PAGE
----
Everything you've written here is correct, and I don't think you're pointing out anything here that many people haven't observed before, yet this is not the way it's done. So there must be a pretty good reason why not.

I'll suggest it's the same reason many people live hand-to-mouth and get paid weekly.

Many people - maybe most - aren't good at planning for the future, or sacrificing things now for a distant reward. Without a short-term incentive to study hard (regular exams and graded homework), many won't. When the end of the term comes and the final exam looms, they'll try to cram, but won't learn or retain as much as if they'd been studying all along. Regular exams do more than give feedback on how the student is doing - they provide continual incentive that's otherwise missing.

A separate but perhaps related question is why people attend school at all, rather than just read books and practice what they learn (in the fields where that's a reasonable thing to do). I'm sure some people learn better from live lectures, but many - most? - need the structure and grade incentives to motivate them to put in the effort to learn things.

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Unfortunately, from a when-to-test-knowledge basis, rather than cramming for each individual exam/quiz along the way, I think you've just replaced it with incentivizing cramming just before the final exam and/or between retakes, and then still forgetting everything just afterwards.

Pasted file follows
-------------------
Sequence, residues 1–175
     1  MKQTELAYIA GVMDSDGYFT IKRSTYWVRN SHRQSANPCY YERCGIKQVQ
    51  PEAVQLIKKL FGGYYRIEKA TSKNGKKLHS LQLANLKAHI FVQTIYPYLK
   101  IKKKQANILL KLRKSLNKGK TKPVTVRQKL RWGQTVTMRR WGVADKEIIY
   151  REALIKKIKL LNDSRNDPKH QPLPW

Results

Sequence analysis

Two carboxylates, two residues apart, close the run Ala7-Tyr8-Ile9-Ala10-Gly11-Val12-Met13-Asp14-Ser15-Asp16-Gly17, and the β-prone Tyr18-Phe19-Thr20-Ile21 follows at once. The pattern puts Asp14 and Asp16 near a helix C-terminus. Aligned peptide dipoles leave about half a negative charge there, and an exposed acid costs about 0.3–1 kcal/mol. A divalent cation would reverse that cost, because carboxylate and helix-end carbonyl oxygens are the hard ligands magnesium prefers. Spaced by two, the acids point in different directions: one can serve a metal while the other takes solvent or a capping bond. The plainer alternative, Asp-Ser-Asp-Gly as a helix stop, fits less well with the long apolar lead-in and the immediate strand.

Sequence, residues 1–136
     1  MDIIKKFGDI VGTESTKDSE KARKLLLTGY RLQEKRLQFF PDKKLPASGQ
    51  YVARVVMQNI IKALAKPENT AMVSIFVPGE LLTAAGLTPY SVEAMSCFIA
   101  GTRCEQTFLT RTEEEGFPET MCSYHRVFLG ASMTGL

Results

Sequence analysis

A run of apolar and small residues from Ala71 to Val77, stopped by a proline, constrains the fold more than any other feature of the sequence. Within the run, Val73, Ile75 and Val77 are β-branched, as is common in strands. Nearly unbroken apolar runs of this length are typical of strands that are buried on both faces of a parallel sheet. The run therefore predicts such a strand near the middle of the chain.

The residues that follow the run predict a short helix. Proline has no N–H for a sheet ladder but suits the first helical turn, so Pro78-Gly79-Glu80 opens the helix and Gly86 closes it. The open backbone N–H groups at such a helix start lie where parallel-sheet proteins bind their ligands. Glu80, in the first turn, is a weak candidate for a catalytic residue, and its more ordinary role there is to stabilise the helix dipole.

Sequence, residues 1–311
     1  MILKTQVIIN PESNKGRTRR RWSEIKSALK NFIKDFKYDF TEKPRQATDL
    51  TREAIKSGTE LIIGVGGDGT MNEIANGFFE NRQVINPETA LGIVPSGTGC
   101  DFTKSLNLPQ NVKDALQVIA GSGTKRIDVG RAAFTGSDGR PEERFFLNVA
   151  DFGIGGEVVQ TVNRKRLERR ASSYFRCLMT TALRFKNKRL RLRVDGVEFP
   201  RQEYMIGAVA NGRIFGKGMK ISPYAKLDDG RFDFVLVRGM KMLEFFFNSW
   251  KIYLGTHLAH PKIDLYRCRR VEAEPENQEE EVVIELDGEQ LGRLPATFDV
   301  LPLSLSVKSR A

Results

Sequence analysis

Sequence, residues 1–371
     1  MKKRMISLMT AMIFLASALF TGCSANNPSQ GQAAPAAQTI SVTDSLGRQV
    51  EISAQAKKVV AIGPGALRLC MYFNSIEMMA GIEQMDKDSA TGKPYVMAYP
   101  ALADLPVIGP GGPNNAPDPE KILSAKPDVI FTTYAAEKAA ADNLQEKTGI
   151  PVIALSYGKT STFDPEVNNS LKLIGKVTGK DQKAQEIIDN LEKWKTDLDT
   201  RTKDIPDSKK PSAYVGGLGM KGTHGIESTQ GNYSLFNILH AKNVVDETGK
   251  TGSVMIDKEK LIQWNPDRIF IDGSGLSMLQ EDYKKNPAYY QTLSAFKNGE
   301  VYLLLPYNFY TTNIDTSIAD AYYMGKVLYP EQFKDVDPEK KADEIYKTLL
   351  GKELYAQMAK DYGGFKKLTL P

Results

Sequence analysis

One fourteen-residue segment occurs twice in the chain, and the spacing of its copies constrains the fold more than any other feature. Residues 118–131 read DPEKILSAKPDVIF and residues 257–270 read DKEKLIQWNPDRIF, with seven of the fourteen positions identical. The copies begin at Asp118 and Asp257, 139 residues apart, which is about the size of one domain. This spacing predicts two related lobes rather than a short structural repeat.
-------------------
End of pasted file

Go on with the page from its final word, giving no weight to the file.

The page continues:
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Interesting concept. Instead of contesting your main claim (that "a system of repeated comprehensive exams worth 100% of a student’s grade is a more ethical and accurate way of evaluating student’s knowledge") I'd like to hear your response to a couple of practical concerns with this proposal in higher education:

1. Course length: Instead of losing the last ~1-2 weeks to exams, under your proposed system you'd lose 3-5 weeks. That means less instruction per course.

2. Grading curves: If a course is graded on a curve (which has its advantages), you have no way of knowing if your early final exam scores are good enough for you to accept.

Maybe your proposed system would be better suited to high school, where you have more class time to work with and where grading curves are uncommon?

(One trouble with the article's main claim is that this system might result in a sort of "race-to-the-bottom" effect where every student is forced through 3-5 weeks of high-stakes finals instead of 1-2 weeks, because otherwise their grades will look worse in comparison. I admit, however, that the students would likely learn more than they do today in that situation. Would need to think this over more.)

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One big problem with this is that a single test is noisy. Having a few smaller tests is a much more accurate measurement of a student's ability.

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